When your child becomes a toddler, you may suddenly begin hearing about fine-motor skill development. There are many ways to develop fine-motor skills, and they are often discussed as if writing is the ultimate outcome. Yet, getting through a day without using your fine-motor skills would be very difficult. We use fine-motor skills, those small movements we make with our hands, fingers, and arms to manage buttons, zippers, and tying when we get dressed, to feed ourselves, turn pages of books or magazines, and keyboard, text, and use the remote, all of that before we have written anything!
New research from Georgetown University (Cortes et al., 2022) demonstrates that fine-motor skill development at 42 months of age correlates to visuospatial deductive reasoning in adolescence. Visuospatial refers to being able to compare two- and three-dimensional objects and deductive reasoning; in this case, it refers to being able to pick which object or drawing from given choices should come next in the series. Although brain imaging continues to improve and those improvements continue to provide more detailed information, brain imaging has shown that motor skills, reasoning, and spatial cognition share common areas in the brain (Cona & Scarpazza, 2019). The ability to make inferences is connected to visuospatial deductive reasoning. For example: Kim ran home. When she got there, she had to stop to catch her breath and wipe perspiration from her face and neck. Did Kim run home quickly or run slowly?
In a Montessori 3-6 classroom, students develop their fine-motor skills through many different materials. The Practical Life area of the classroom develops a variety of fine-motor skills, from the Dressing Frames to pouring and scooping. The materials in the Sensorial area also actively utilize fine-motor skills, such as the pincer grip with the Cylinder Blocks and careful carrying of the cubes of the Pink Tower, Red Rods, and Brown Stairs. The Metal Insets, a language work which creates the movements that form all the letters of the alphabet, also develop fine-motor skills. Using pencils and cutting with scissors also develop fine-motor skills in the hand.
How can fine-motor skills be developed at home? Allowing your child to perform daily tasks, even though it takes longer, is important. Feeding themselves to the best of their ability, wiping down their eating area, and dressing themselves are all opportunities for fine-motor skill development.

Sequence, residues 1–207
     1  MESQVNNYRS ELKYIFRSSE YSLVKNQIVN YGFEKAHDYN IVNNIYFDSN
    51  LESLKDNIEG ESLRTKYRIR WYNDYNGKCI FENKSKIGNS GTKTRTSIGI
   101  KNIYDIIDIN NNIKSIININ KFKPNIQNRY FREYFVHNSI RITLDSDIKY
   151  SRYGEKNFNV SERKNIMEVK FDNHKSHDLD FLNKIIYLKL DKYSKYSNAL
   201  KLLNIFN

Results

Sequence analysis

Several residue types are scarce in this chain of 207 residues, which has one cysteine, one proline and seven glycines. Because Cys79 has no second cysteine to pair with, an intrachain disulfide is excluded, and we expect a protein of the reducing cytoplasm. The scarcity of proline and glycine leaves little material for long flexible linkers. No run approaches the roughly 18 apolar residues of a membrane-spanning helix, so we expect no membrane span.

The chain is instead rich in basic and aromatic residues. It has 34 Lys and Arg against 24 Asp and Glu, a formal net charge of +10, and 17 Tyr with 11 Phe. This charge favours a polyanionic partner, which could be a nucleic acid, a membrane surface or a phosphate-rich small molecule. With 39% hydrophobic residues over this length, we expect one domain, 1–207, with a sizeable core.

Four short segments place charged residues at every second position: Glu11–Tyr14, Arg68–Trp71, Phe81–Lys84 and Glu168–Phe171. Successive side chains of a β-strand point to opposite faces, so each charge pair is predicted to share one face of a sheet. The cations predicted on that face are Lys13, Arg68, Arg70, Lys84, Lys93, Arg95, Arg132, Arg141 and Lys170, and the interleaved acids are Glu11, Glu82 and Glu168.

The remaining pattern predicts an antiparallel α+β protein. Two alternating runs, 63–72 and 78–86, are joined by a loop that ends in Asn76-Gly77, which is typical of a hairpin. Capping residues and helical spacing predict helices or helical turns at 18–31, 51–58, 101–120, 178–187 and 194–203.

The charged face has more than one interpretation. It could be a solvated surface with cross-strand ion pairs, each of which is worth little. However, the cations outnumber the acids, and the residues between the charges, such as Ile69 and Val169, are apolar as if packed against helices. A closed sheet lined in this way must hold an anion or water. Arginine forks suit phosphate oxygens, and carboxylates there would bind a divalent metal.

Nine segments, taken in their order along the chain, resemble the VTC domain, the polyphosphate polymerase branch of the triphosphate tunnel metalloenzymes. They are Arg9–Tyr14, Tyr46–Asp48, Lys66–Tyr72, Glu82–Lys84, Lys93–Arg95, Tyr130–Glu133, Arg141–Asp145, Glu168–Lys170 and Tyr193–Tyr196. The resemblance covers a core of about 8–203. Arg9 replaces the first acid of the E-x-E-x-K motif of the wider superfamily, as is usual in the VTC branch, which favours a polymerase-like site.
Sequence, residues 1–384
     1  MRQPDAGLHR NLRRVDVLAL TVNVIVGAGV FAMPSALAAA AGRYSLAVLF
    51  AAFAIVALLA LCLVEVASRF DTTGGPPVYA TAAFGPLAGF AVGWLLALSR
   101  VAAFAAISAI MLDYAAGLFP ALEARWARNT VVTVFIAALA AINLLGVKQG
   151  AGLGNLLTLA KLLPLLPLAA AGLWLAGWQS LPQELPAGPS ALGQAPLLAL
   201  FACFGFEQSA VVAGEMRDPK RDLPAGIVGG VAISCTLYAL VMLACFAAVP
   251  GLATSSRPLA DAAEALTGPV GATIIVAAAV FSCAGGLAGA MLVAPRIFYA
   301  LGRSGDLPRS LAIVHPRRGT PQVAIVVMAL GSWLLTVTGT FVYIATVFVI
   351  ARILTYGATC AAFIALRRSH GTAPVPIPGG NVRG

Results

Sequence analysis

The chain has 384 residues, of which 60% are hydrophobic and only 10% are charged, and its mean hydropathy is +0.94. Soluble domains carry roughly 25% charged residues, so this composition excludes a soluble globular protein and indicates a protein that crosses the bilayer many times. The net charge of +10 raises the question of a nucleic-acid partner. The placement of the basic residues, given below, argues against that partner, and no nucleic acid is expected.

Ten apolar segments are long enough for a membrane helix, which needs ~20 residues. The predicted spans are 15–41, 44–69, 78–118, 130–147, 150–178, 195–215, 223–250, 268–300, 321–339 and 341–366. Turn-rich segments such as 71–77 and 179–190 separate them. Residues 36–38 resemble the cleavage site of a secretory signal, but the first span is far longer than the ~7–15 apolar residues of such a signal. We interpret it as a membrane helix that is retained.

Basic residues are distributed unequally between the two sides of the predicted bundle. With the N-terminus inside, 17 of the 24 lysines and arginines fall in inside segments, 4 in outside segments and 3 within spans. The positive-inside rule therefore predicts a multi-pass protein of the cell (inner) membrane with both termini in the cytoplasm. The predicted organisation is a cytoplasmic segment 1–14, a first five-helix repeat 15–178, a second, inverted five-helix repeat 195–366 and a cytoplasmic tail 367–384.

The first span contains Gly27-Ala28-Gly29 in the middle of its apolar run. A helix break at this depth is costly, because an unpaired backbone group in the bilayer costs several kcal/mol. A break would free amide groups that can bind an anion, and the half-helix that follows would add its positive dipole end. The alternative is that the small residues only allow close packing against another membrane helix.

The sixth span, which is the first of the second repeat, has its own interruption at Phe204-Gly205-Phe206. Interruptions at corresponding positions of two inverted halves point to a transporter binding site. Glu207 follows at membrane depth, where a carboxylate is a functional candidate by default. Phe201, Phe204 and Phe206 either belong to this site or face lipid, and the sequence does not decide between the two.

Other work options you can create at home:
Art opportunities: lacing beads or pasta on string; drawing in shaving cream; all coloring and painting; playdough or other moldable mixtures.
Water opportunities: using a turkey baster to move water from one container to another (or from a small bucket to a garden); making bubbles with a whisk, a squirt of liquid soap, and some water.
Other opportunities: opening and closing small jars or other containers; pushing uncooked spaghetti through the holes of a colander; scooping uncooked rice or beans from one container to another.
Seventy-six years ago, Dr. Montessori was leading us to the same conclusion as today’s research, using different means of observation. She reminded us, “The hands help the development of the intellect. When a child can use his hands, he can have a quantity of
experiences in the environment through using them. To develop his consciousness, then his intellect, and then his will, he must have exercises and experiences.” (Montessori, 2012, page 130) •
Cona G. & Scarpazza, C. (2019). Where is the “where” in the brain? A meta-analysis of neuroimaging studies on spatial cognition. Human Brain Mapping, 40(6), 1867-1886.
Cortes, R. A., Green, A. E., Barr, R. F., & Ryan, R. M. (2022, March 31). Fine-motor skills during early childhood predict visuospatial deductive reasoning in adolescence. Developmental Psychology. Advance online publication.
Montessori, M. (2012). The 1946 London Lectures. Montessori-Pierson Publishing Company.
Cheryl Allen was a classroom Montessori guide for 18years and is now Director ofParent Education with the Montessori Family Alliance. As a child, Cheryl attendeda Montessori school from age 2 through the3rd grade. She earned her BA in History fromGeorgetown University and her Master’s inTeaching from Simmons College in Boston.Cheryl is an AMS-certified Early Childhoodand Elementary Montessori teacher, holdsIMC certification in advanced ElementaryMontessori education, and is currentlypursuing a Topics of Human BehaviorGraduate Certificate from Harvard University.